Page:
Secretary of Transportation Ray LaHood met with students, faculty and a U.S. Merchant Marine Academy steering committee on Tuesday to launch what he said was a strategic plan aimed at taking the Kings Point service academy “to a higher level.”
After addressing the midshipmen as part of a closed-door town hall meeting, LaHood met with reporters outside of Wiley Hall to discuss the Merchant Marine Academy’s future including facility upgrades, the search for its next superintendent and a new training vessel.
“I told them that I couldn’t be any happier with the academics here,” LaHood said of his meeting with the midshipmen. “I think the evaluation that was done last fall … shows that this is an outstanding educational institution.”
But the Merchant Marine Academy’s aging infrastructure, which largely dates back to the institution’s founding in 1943, left much to be desired for LaHood.
A federal report filed in 2010 outlined the need for $300 million in repairs to the academy’s facilities.
“I also told them that I want better facilities,” LaHood said. “That’s the reason that I have gone to Congress the last three years and gotten millions of dollars to fix up the facilities. The one thing that’s kind of a black eye here is the facilities and we’re going to do better.”
Renovations to the Merchant Marine Academy’s mess hall, pier and electrical grid will be made through $54 million in “capital improvement” funds appropriated by Congress from the Department of Transportation’s budget, LaHood’s Deputy Director for Public Affairs Meghan Keck said.
“It will be used to really fix up the facilities here,” LaHood said. “It’s money that I requested from Congress to really make sure that the facilities are in a state of good repair.”
LaHood said repairs will “start immediately.”
“We have a new maintenance person that’s on the grounds now,” LaHood said. “He mentioned to the students that there’s a timetable and there’s a game plan for moving ahead with, not only the short-term maintenance, but the bigger projects too.”
Another way to create stability for the future of the Merchant Marine Academy is through the selection process for the institution’s new superintendent.
Former Superintendent Rear Adm. Philip H. Greene Jr. was reassigned in October to become the National Defense University’s transportation chairman.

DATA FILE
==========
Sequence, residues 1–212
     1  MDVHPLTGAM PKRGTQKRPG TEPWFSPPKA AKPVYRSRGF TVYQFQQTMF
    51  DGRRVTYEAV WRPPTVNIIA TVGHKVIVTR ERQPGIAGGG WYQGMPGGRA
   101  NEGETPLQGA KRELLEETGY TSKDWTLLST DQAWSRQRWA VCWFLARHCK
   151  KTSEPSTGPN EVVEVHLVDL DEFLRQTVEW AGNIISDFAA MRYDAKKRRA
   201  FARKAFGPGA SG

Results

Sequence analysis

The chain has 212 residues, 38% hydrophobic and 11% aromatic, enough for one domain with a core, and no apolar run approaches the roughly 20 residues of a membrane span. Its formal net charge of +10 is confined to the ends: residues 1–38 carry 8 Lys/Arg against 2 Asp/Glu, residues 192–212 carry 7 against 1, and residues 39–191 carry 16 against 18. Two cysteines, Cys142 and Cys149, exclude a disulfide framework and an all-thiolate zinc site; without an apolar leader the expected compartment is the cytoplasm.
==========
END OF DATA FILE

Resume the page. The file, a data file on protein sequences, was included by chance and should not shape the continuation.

Greene, who was the Merchant Marine Academy’s third superintendent in three years, was previously director of the U.S. Navy Irregular Warfare Office.
The search for the academy’s next superintendent is ongoing, LaHood said.
“Soon for the superintendent,” he said. “You can go on our Web site. We have the job posted there. We know what we’re looking for an we want to find the very best person we can.”
The process to find a ship to replace the academy’s previous training vessel the “Kings Pointer” is also on-going.
The vessel, used by midshipmen for hands-on training at sea, was transferred to Texas A&M University’s Galveston campus in December.
“It went somewhere else because it could be better utilized somewhere else,” LaHood said. “We want to make sure that we have a vessel here that can really be utilized and can be of value to our students.”
LaHood said several potential replacement ships have been targeted and could be ready for use at the Merchant Marine Academy within “a couple of months.”
“We’re committed to getting a ship here that really reflects the kind of curriculum that will be most helpful to the students,” he said.
Although many changes should soon by coming to the Merchant Marine Academy, LaHood said one thing will always remain the same.
“We want to be good neighbors,” LaHood said. “I think we have been good neighbors, but we want to continue to be good neighbors. We want the people in this neighborhood to feel like the Merchant Marine Academy is a real asset for their neighborhood.”